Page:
Platelet function and composition in heart transplant recipients compared with nontransplanted coronary patients.
Accelerated coronary artery disease seems to be the main condition limiting long-term survival after heart transplantation. Ninety-one heart transplant recipients were compared with 94 nontransplanted coronary artery disease patients in an attempt to identify the factors responsible for the accelerated form of coronary artery disease occurring after heart transplantation. Among the parameters examined, heart transplant recipients exhibited a higher plasma level of insulin (8.5 +/- 0.5 versus 6.2 +/- 0.3 mIU/l, p = 0.002), a lower plasma level of vitamin E (14.8 +/- 0.4 versus 16.9 +/- 0.7 mg/l, p = 0.03), a higher platelet cholesterol-to-phospholipid ratio (8.9 +/- 0.3 versus 7.6 +/- 0.3, p = 0.007), and an increased response to ADP-induced platelet aggregation (for the first wave, 29.1 +/- 0.9% of maximal aggregation versus 25.1 +/- 1.0%, p = 0.002; for the second wave, 21.4 +/- 1.4% versus 15.9 +/- 1.1%, p = 0.002, after adjustment for hematocrit), but no untoward changes in the level of fibrinogen, plasminogen activator inhibitor-1, antithrombin III, or lipoprotein(a). In addition, platelet aggregation in patients who required retransplantation as a result of severe coronary artery disease was similar before and after retransplantation. This suggests that severe coronary artery disease is not the cause of platelet hyperaggregability. In multiple-regression analysis, ADP-induced platelet aggregation in heart transplant recipients was significantly positively related to blood glucose (r = 0.50, p less than 0.001) and inversely related to n-3 fatty acids from platelet phospholipids (r = 0.40, p less than 0.01).(ABSTRACT TRUNCATED AT 250 WORDS)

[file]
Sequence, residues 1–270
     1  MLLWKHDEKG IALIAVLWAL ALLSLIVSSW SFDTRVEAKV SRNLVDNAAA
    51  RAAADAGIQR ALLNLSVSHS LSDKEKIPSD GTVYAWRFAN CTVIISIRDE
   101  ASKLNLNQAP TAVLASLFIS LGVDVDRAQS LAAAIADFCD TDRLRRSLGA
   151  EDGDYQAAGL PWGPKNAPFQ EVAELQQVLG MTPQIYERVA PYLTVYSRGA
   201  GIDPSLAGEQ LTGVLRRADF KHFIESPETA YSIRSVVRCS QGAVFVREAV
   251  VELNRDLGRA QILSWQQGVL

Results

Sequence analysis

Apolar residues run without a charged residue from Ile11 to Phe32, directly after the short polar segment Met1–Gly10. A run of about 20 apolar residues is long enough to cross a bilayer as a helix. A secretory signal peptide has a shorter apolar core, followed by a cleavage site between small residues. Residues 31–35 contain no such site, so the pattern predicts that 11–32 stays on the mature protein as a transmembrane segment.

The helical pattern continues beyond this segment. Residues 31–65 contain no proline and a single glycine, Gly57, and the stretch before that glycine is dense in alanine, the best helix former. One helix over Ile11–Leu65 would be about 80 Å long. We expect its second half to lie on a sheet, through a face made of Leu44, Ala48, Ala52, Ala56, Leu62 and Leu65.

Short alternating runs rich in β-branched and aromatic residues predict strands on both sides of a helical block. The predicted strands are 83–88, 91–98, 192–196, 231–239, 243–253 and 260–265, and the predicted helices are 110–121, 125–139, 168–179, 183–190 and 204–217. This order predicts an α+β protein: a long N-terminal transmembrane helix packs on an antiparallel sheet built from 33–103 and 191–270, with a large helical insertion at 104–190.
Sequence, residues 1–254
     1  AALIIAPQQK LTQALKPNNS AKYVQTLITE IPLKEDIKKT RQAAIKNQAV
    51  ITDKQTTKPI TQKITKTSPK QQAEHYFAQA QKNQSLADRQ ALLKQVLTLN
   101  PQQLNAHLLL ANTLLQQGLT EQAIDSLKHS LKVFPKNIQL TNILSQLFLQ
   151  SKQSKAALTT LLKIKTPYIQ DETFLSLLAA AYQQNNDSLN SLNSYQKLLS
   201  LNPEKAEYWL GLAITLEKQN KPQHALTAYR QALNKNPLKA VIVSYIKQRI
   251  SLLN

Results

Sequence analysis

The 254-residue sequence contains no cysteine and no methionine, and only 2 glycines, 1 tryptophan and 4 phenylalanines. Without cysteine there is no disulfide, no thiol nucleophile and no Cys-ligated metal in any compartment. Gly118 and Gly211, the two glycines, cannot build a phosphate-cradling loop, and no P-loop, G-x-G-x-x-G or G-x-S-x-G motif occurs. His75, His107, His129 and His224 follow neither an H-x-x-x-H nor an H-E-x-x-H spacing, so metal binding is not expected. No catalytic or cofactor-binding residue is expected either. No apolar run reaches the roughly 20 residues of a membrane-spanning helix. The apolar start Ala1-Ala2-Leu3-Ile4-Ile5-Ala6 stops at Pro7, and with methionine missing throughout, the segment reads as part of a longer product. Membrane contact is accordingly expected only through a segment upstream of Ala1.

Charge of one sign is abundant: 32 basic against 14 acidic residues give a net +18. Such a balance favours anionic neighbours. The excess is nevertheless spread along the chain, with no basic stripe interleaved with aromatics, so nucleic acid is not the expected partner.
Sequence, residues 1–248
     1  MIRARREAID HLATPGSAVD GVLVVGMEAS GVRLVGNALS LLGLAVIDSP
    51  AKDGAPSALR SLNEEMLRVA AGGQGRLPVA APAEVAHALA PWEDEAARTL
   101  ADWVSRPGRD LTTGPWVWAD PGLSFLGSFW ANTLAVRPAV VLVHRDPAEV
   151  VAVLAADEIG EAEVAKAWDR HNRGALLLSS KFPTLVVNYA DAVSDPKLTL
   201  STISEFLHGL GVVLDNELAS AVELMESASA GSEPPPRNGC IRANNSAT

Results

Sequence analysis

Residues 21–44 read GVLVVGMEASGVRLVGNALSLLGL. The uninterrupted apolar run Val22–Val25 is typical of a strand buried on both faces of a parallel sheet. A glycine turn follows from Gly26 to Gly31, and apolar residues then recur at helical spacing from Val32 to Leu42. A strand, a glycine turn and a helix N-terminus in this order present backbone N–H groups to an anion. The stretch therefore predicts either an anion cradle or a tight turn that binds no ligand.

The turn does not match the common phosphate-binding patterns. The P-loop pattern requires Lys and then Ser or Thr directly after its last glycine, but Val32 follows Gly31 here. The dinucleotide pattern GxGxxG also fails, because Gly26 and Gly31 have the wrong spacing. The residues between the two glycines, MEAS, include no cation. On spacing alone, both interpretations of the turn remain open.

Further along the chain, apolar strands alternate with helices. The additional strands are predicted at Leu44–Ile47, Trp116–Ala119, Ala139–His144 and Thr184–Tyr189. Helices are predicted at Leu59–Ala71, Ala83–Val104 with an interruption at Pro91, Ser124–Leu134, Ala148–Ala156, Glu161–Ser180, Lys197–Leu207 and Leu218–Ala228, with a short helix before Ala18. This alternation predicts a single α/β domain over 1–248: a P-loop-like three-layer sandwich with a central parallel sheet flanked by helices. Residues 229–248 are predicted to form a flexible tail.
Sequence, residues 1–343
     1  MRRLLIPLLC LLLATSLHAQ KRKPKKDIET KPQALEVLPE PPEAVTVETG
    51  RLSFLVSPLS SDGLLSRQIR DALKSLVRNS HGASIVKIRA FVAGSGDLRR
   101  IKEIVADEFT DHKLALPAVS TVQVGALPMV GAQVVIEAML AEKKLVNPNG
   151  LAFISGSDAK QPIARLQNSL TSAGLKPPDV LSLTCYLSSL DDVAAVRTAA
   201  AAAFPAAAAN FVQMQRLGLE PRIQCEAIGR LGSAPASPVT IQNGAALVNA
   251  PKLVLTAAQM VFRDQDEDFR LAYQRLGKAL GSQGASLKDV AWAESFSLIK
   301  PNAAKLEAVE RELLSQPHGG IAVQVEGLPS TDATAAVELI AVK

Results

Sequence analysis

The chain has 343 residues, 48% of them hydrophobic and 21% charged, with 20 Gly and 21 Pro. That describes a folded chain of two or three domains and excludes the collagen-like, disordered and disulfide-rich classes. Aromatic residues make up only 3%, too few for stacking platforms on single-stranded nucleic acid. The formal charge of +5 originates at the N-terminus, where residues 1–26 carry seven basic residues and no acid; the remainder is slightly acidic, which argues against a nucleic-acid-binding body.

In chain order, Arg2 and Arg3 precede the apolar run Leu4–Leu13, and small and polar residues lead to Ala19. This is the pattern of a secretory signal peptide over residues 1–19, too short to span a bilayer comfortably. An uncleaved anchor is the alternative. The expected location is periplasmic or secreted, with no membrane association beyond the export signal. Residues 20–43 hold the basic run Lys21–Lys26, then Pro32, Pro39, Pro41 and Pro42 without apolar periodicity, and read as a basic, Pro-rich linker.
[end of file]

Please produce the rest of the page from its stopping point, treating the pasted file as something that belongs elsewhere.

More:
- Copyright © 1992 by American Heart Association